an article by David Adams
Like thousands, maybe millions, of Americans, I went to the opening night showing of Michael Moore's new film, Fahrenheit 9/11. There were people lined up to see it when we went, and even longer lines for the later show when we left. Another showing was scheduled for midnight. I guess that's because it looked for a while like the film was going to be censored. Nothing like the threat of censorship to make people want to see it!
The film puts together remarkable footage from the most controversial events of our time, beginning with the Congressional debate (or should one say "lack of debate") following the 2000 election and going through the war in Iraq. And controversy there is. For example, one critique of the film on the Internet at Spinsanity, objects especially to Moore's portrayal of the 2000 Florida election and the Bush family connections to oil interests in the Middle East.
For me, the best part was at the end. The packed audience had watched and listened to George W. Bush and his warriors in silence, but when it was over, they burst into loud, sustained applause. It was as if a fearful silence had been broken.
Some folks were outside the theatre with voter registration forms and with bumper stickers from moveon.org to vote for peace in November. It felt like a movement was being born.
Question(s) related to this article:
The movie Fahrenheit 9/11, Will it make a difference for peace in the November elections?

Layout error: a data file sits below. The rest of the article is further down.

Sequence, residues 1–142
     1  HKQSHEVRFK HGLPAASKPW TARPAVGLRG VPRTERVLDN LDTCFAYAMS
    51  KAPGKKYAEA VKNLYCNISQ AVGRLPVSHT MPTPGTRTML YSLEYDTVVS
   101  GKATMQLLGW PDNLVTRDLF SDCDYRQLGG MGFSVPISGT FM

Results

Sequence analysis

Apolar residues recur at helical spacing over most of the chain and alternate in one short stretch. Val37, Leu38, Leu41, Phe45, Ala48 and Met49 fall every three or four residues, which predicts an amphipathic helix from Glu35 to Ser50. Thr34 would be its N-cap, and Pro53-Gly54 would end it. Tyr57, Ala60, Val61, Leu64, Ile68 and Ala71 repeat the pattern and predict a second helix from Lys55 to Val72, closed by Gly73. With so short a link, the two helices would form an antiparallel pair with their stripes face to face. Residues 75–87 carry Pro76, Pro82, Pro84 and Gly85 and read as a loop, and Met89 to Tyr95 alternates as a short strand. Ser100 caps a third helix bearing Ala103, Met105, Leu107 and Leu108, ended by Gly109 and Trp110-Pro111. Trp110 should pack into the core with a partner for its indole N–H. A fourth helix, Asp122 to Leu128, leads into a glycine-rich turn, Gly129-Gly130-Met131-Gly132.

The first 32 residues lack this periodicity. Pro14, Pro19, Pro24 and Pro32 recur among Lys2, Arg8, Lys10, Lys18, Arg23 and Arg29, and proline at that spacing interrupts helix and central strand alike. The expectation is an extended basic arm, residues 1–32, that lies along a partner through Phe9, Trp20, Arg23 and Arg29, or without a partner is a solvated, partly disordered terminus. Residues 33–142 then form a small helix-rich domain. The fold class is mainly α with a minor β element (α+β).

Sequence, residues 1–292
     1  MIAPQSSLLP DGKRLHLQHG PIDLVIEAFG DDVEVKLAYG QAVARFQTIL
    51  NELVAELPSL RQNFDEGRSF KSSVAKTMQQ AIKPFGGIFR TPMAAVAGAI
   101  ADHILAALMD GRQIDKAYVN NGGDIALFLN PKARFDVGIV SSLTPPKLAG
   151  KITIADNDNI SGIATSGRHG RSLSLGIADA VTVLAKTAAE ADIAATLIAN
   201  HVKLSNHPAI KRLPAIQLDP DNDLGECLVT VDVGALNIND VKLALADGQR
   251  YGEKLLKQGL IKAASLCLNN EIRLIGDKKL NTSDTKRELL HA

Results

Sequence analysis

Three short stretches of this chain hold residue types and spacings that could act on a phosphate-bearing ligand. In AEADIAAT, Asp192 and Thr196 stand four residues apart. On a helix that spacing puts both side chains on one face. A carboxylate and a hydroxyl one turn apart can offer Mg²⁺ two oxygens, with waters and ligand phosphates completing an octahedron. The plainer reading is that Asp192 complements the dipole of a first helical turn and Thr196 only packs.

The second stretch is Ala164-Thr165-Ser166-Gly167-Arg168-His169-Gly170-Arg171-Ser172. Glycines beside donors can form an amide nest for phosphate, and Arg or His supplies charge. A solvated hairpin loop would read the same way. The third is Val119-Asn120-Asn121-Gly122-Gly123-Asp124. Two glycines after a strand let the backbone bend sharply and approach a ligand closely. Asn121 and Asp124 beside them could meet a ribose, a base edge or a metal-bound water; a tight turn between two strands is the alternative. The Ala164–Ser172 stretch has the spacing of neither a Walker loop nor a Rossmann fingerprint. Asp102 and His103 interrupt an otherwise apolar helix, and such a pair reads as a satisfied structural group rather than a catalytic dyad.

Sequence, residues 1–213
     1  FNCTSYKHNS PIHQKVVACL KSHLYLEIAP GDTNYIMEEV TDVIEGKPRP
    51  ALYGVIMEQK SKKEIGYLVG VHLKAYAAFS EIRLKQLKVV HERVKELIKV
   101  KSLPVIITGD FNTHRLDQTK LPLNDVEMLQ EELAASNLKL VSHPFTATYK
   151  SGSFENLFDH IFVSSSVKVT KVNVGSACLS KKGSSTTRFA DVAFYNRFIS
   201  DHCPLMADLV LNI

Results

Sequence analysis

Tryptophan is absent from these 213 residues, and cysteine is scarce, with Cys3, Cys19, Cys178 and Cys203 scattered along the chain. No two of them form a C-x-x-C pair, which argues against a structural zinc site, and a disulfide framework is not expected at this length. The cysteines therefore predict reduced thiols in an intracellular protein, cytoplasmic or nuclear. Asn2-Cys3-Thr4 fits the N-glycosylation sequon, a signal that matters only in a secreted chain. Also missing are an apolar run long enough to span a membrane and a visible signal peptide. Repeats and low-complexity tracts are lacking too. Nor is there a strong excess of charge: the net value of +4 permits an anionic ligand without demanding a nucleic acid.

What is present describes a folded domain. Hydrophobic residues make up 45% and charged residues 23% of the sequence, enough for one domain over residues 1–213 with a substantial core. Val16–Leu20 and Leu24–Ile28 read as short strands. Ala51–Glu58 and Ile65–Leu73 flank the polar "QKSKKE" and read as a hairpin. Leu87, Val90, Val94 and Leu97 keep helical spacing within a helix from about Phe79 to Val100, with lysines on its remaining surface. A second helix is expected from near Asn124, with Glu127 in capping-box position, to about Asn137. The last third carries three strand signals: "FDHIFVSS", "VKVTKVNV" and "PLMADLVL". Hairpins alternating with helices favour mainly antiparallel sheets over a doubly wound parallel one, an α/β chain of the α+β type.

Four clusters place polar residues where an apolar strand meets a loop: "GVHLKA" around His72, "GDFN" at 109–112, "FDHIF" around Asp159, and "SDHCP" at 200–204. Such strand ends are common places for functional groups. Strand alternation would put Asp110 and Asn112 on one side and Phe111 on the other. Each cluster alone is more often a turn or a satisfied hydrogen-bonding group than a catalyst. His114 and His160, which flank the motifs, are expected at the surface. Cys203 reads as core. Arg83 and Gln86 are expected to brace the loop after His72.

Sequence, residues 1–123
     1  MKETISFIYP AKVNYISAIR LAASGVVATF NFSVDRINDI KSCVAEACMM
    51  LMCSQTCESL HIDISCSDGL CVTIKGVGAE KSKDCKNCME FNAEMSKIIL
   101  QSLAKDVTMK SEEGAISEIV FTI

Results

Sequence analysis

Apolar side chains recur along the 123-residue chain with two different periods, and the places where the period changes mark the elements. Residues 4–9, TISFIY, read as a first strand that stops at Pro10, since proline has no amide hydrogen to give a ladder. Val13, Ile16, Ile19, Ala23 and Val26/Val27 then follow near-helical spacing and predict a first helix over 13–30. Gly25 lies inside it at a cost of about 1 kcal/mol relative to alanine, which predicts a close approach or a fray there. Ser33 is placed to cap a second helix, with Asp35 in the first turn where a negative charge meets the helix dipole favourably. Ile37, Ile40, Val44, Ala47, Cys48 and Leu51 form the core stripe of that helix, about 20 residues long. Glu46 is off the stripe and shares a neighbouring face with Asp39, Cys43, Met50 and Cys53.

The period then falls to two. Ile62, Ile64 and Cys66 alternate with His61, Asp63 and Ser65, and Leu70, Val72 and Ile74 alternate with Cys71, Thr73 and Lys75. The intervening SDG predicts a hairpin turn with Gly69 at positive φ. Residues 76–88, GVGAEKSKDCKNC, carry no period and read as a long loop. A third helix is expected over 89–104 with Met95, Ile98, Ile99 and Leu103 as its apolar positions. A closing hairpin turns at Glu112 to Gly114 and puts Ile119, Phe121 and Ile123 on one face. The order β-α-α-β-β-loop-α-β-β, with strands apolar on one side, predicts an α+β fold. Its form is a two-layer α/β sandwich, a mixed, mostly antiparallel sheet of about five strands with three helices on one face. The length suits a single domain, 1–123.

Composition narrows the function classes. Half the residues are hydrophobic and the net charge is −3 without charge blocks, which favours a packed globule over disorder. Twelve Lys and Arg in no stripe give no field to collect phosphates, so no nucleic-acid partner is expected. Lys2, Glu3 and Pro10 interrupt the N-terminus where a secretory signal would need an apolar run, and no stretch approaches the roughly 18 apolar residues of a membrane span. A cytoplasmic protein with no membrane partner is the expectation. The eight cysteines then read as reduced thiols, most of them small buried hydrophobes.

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LATEST READER COMMENT:
Fahrenheit 911 continues to have an impact in unexpected ways. Now news reports, including CNN and the New York Daily News report that the Congressman chosen by Bush to head the CIA was interviewed during the filming of Fahrenheit 911, and in response to the question as to whether he was qualified to work for the CIA, here's what he said.
"I don't have the language skills. I, you know, my language skills were romance languages and stuff. We're looking for Arabists today. I don't have the cultural background probably," Goss is quoted in an interview transcript.
"And I certainly don't have the technical skills, uh, as my children remind me every day: 'Dad you got to get better on your computer. ' Uh, so, the things that you need to have, I don't have. "
Moore told Reuters that Goss, who until Tuesday was chairman of the House of Representatives Permanent Select Committee on Intelligence, granted an interview to two of his producers without first checking to see who they worked for. " You'd think the person who was the head of the intelligence committee would ask a few more questions," said Moore.
"The reality is that Porter Goss was in charge of the oversight of the CIA during a time when the CIA didn't do its job, which in part resulted in the loss of lives of 3,000 people," he said via telephone from New York.
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